It goes without saying that caregiving can be stressful (we’ve even covered self-care tips and avoiding fatigue on the blog before). Aging in general can also be stressful. But how exactly does stress affect older adults and the people that care for them?
What does stress do to the body?
Stress can weaken the immune system– which can be especially harmful for older adults as our immune systems weaken as we age. If an older adult lives with a chronic disease, it can take even longer to recover from feeling stressed.
Stress triggers a “fight or flight” response. When we feel stressed,
stress hormones (e.g., adrenaline and cortisol) get sent to our brain.
At the same time our body prepares for a fight or to run away
by telling the heart to pump faster and our muscles tighten so you’re
ready to fight or flee. Once the stressful event is over, the body
relaxes and returns to normal. If the body stays in the stressed state
for too long (or too often), it can lead to long-term consequences such
blood pressure, heartburn, insomnia, a higher risk of heart disease,
and mental health issues including anxiety and depression.
Reacting to stress
It’s not uncommon to notice that the way you respond to stress changes as you age. Older adults tend to be stressed by chronic conditions, loss of their social group, loss of independence, and financial difficulty. Stressors for older adults also include having large amounts of unstructured time, loss of physical independence, and changes in their relationships- especially with their children.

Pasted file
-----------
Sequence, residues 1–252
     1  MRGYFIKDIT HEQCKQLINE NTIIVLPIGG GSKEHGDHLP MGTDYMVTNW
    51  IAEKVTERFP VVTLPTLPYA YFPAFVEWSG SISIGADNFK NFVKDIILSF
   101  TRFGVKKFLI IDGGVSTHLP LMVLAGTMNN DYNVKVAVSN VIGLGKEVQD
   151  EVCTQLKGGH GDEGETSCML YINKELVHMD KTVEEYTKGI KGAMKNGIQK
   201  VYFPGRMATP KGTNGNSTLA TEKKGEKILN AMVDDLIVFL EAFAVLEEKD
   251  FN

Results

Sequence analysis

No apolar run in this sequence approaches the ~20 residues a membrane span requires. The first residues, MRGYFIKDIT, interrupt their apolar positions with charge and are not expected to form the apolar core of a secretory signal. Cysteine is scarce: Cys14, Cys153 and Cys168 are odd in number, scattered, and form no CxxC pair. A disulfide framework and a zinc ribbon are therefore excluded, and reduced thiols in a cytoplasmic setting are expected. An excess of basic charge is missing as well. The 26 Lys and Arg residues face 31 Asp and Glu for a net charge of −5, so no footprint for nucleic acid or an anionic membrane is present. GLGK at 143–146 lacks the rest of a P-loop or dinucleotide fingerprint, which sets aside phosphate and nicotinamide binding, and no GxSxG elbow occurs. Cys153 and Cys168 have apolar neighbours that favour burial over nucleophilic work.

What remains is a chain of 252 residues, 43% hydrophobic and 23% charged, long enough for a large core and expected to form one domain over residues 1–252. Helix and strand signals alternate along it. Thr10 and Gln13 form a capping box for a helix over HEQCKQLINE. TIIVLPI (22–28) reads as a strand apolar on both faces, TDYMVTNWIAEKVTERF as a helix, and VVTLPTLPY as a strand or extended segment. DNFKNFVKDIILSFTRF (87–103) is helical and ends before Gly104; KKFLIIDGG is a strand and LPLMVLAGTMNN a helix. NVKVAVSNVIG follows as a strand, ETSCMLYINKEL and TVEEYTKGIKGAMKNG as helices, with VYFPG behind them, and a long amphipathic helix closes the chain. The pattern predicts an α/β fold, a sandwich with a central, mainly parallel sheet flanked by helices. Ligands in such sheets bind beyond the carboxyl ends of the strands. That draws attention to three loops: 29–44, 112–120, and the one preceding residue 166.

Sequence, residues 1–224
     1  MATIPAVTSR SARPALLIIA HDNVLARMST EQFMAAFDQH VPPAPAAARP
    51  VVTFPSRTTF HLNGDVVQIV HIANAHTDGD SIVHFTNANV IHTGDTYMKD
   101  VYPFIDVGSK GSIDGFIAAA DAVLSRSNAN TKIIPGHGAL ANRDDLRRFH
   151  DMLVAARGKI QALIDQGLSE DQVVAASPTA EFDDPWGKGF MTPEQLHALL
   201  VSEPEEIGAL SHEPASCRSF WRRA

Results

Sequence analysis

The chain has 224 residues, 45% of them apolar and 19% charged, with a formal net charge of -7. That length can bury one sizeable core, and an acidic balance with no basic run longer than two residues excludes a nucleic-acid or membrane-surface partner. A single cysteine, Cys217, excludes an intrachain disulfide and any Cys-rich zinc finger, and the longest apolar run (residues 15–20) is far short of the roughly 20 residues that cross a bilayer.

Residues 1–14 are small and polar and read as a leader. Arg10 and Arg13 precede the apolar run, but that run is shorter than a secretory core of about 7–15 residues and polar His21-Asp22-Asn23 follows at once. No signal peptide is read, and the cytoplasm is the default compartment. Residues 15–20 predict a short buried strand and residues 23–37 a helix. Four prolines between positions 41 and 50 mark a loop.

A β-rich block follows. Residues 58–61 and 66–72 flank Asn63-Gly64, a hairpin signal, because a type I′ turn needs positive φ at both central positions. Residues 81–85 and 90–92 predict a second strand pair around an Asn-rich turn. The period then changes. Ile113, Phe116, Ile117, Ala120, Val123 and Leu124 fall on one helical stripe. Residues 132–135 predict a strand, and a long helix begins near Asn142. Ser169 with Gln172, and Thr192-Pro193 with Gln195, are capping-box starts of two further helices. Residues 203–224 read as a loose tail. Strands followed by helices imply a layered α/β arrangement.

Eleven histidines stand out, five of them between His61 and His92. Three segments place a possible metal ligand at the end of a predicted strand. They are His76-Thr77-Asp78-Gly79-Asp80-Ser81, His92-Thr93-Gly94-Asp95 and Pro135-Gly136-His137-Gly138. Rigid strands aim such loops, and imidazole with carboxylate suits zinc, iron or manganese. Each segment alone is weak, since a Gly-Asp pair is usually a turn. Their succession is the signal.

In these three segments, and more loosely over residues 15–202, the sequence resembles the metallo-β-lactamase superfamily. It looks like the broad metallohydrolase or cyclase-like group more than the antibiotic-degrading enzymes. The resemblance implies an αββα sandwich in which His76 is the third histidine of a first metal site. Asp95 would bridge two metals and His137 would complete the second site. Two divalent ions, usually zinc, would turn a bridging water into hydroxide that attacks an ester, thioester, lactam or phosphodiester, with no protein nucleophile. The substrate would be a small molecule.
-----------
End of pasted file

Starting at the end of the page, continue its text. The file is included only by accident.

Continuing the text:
Signs of stress can include:
- Feeling guilty or overwhelmed
- Being more irritable than usual
- Change in sleep patterns and weight (weight loss/gain)
- Body pains- headaches, pain where stress is held in the body (usually in the shoulders, neck, or back)
- Substance abuse
Tips for dealing with stress
- Talk to a family member or friend about what you’re going through
- Don’t isolate yourself. Visit a senior center or join a caregiver support group to find a support system.
- Try relaxing hobbies like yoga, tai chi, or meditating
- Practice deep breathing or counting backwards from 10 when you’re stressed
- Make sure you’re getting enough sleep
- Stress hormones leave our bodies as we sleep. This can lead to a buildup in these hormones in older adults since they tend to have difficulty sleeping
- Make time for self care- whatever that looks like for you